Universal Design for Learning: A Practical Guide

Section 1.1: Why UDL Matters

Post-secondary instructors are facing more challenges nowadays because the student population is increasingly diverse. Students with diverse cultural backgrounds, skills, abilities, interests, experiences, and social-economic status require instructors to reflect on their teaching practices and adopt user-centred approaches for course design and delivery. But how do user-centred approaches look like in practice? And how can instructors deliver quality learning outcomes to maximum number of students?

Universal Design for Learning (UDL) is a curriculum design, development, and delivery framework that could help answer these questions. UDL seeks to include the maximum number of learners in instruction by offering multiple paths to get to the same learning outcomes, including

  • Multiple means of engagement: the why of learning
  • Multiple means of representation: the what of learning
  • Multiple means of action and expression: the how of learning

UDL supports the design of inclusive and user-centred learning experiences by:

Creating Expert Learners UDL aims to create expert learners who are purposeful, motivated, resourceful, strategic and goal-directed
Teaching to the Margins UDL reminds instructors to think who is experiencing barriers and how to design curriculum for as many students as possible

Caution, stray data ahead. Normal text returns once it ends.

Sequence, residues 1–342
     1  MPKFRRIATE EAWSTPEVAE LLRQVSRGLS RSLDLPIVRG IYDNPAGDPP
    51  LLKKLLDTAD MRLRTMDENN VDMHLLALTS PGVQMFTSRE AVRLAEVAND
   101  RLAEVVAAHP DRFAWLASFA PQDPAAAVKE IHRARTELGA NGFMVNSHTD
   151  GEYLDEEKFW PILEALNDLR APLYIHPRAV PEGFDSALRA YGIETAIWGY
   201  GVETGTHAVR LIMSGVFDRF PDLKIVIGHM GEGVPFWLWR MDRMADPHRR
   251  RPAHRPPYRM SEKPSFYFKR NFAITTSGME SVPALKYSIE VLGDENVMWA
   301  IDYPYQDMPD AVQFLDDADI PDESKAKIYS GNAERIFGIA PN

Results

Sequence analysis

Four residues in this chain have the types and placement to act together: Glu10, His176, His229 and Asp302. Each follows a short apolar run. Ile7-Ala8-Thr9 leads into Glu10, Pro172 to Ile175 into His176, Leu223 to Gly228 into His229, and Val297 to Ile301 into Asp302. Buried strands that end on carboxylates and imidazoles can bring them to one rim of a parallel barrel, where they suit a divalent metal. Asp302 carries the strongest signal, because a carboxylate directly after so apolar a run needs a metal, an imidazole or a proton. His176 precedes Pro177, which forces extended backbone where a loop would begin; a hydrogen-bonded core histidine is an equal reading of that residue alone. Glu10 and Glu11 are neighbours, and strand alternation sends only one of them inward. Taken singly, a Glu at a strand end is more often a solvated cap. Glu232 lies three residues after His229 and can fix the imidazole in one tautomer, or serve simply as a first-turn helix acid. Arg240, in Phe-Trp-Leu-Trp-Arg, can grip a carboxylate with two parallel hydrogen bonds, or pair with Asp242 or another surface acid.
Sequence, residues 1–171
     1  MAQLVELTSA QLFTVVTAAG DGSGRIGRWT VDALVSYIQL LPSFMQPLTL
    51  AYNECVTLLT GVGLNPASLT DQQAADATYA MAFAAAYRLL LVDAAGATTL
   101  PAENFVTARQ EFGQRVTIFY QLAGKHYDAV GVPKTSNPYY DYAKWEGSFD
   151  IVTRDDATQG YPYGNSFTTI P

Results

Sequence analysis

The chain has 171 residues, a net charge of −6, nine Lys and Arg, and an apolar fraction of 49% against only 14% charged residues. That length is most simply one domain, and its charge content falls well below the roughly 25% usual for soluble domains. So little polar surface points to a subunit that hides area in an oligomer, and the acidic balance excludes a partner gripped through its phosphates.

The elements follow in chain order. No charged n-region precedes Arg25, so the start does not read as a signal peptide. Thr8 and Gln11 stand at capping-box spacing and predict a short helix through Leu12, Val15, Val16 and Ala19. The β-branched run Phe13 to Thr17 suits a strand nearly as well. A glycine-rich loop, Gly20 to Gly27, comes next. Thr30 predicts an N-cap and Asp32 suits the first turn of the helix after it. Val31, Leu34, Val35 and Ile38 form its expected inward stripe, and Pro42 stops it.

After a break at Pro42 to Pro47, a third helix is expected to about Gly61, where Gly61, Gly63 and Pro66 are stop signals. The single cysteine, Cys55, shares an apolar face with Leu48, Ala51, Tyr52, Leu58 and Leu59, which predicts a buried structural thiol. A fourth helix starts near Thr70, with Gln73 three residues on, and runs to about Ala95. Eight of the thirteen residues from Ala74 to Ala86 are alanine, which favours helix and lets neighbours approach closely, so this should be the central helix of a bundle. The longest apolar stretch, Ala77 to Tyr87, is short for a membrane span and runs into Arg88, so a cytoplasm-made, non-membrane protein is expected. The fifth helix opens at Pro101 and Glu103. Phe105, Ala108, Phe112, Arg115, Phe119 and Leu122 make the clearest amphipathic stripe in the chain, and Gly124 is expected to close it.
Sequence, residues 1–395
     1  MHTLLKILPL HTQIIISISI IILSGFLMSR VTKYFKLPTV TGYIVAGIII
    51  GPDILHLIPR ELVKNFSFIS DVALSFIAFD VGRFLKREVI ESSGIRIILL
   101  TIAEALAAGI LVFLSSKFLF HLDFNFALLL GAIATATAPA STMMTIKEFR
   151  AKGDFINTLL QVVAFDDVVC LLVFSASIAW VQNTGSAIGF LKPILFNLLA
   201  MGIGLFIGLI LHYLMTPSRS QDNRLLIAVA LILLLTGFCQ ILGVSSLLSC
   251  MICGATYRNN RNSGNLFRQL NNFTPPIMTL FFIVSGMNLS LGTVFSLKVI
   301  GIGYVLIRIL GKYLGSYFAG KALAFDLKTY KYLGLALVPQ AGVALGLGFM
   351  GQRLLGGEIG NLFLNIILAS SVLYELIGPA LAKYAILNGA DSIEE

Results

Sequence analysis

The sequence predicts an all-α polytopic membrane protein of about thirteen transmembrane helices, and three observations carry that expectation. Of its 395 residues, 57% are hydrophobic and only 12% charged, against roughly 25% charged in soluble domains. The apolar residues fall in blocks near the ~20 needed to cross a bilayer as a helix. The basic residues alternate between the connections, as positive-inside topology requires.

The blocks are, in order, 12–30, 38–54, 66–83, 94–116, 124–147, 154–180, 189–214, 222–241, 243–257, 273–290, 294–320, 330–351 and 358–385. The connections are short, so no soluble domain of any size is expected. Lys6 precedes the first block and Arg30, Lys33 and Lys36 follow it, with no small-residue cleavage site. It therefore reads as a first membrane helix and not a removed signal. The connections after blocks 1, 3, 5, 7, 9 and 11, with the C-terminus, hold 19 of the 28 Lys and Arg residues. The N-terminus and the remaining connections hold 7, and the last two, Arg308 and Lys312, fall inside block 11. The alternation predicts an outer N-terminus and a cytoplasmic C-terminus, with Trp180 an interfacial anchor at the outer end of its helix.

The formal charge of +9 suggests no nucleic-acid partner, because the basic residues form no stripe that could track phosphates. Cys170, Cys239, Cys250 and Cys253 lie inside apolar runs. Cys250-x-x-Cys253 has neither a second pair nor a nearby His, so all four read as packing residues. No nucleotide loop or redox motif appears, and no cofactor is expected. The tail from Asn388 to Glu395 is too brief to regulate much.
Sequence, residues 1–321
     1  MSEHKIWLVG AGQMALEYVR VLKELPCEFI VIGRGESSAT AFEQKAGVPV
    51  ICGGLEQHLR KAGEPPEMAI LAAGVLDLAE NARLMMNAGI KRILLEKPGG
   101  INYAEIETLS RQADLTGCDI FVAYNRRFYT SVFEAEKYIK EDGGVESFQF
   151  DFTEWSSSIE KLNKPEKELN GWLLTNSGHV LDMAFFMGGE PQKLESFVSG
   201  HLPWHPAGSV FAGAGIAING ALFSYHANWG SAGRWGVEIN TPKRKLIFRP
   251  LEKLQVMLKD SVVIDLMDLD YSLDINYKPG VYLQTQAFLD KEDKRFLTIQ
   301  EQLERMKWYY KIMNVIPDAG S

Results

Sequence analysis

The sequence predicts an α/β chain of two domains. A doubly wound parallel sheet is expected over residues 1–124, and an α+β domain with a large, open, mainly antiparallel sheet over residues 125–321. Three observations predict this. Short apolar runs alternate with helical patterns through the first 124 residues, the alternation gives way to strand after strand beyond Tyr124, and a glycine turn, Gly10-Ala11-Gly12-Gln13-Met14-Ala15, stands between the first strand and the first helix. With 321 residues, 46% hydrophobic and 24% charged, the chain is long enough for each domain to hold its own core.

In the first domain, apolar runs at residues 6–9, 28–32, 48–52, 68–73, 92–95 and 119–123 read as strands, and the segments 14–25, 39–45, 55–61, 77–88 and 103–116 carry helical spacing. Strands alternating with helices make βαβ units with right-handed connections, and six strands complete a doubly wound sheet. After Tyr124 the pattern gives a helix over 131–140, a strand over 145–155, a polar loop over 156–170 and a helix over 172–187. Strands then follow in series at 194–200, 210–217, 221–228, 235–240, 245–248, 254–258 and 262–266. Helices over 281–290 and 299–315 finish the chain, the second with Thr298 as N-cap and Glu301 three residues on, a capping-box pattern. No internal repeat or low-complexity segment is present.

Planning Proactively UDL advocates ways of anticipating the variability of learners in your class and gathering feedback for redesign
Enabling Access UDL looks at access in terms of how learners engage with the class environment, how they interface with the way knowledge is represented, and how they express their learning
Providing Flexibility UDL emphasizes on programming choice and flexibility to obtain learning outcomes in different ways
Explicitly Addressing Expectations UDL advocates practices that bring implicit understanding to light so that expectations are clear, concrete, and actionable
Frequent and Varied Assessment UDL advocates frequent, varied, low-stakes assessment for engagement and regular feedback

You will learn more about UDL and how it could reshape your course design and delivery through this guide.


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A Comprehensive Guide to Applying Universal Design for Learning Copyright © 2022 by Dr. Seanna Takacs; Junsong Zhang; Helen Lee; Lynn Truong; and David Smulders is licensed under a Creative Commons Attribution-NonCommercial-ShareAlike 4.0 International License, except where otherwise noted.

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